2. Your loved one needs to move into a smaller home. This may be a care facility, a senior living complex, or even a smaller home that is better suited to mobility limitations. The amount of items in the family home, accumulated over a lifetime, is too much to move into the new, smaller dwelling.

Start the Conversation

Broaching the subject with your loved one is often the most difficult part of the entire process. Most seniors know they need to downsize, but decluttering seems overwhelming. It’s not just the physical work of downsizing, but also the emotional stress of parting with a lifetime of memories. This can make your loved one defensive, or even angry, when you bring up the subject.

You can ease the conversation by having a plan. Be willing to help and be present throughout the entire process. Come up with a strategy for dealing with hard-to-part-with items. This could be as simple as donating mindfully to those that would appreciate the items most, to creating photo-documentation of the sentimental items that your loved one can keep in an album after the physical items have moved on.

Help With the Downsizing Process

The most important thing you can do during this difficult time is to be there for your loved one every step of the process. Bring in trusted family members and friends to help, when possible, to help set your loved one’s mind at ease. If you must bring in outside help, make sure you are there to help manage and monitor the process, and step in if you see your loved one becoming upset.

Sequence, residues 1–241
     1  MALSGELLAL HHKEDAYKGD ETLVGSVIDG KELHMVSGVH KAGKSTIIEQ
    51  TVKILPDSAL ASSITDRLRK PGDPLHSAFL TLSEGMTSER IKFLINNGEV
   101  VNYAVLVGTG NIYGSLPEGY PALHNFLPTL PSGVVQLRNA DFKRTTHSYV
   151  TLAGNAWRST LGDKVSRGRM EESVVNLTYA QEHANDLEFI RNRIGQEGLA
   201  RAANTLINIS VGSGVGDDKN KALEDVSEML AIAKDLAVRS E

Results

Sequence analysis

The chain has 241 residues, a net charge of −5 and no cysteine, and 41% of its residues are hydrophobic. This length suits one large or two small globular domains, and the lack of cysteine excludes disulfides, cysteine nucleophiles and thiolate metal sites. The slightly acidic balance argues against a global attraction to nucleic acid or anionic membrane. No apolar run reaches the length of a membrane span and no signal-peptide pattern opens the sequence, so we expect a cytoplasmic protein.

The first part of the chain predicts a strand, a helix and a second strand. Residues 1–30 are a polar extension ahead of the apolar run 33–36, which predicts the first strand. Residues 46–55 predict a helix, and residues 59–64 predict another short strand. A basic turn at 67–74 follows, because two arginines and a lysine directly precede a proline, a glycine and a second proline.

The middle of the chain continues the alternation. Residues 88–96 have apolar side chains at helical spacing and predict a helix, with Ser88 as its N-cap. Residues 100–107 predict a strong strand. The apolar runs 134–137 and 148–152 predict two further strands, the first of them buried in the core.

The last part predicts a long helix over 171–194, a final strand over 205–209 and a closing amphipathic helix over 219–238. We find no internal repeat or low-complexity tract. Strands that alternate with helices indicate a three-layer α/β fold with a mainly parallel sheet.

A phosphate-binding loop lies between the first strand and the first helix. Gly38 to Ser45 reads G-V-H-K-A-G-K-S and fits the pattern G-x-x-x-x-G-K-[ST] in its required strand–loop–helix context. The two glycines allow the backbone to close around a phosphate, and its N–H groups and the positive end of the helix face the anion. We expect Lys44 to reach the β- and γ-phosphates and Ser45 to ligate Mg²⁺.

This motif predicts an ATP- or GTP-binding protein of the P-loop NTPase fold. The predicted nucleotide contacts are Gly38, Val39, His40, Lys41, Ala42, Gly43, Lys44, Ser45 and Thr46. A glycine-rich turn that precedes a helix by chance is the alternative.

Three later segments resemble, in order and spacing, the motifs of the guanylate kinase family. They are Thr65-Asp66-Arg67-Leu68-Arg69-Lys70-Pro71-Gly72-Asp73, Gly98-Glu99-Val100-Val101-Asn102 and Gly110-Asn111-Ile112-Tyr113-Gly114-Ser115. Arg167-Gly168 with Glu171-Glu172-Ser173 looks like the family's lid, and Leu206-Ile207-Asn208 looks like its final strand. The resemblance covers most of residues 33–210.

Get on Top of Out-of-Control Clutter

The process is made more difficult if the clutter is out-of-control. Begin by helping your loved one create an inventory of their items. This can be on paper, or you can work room-by-room and lay everything out so it’s visible.

As you list items, separate them into categories – keep, donate, undecided. Get donations and trash items out of the house daily so they don’t accumulate and lead to second guessing. On undecided items, you may need to take a hard line approach and insist that some things must leave. If your loved one is emotionally attached, find a compromise – such as passing the item on to another family member or adding it to the photo book.

Although this can be a difficult time, it shall pass. Your loved one will eventually feel better with less things, and it will be easier to tend to their evolving care and home requirements as they continue to age.

About The Author

Benjamin Lamm is a communication specialist and blogger at Senior Planning Services, a Medicaid planning company guiding seniors and their families through the Medicaid process. Ben enjoys playing the guitar, spending time with family and social networking.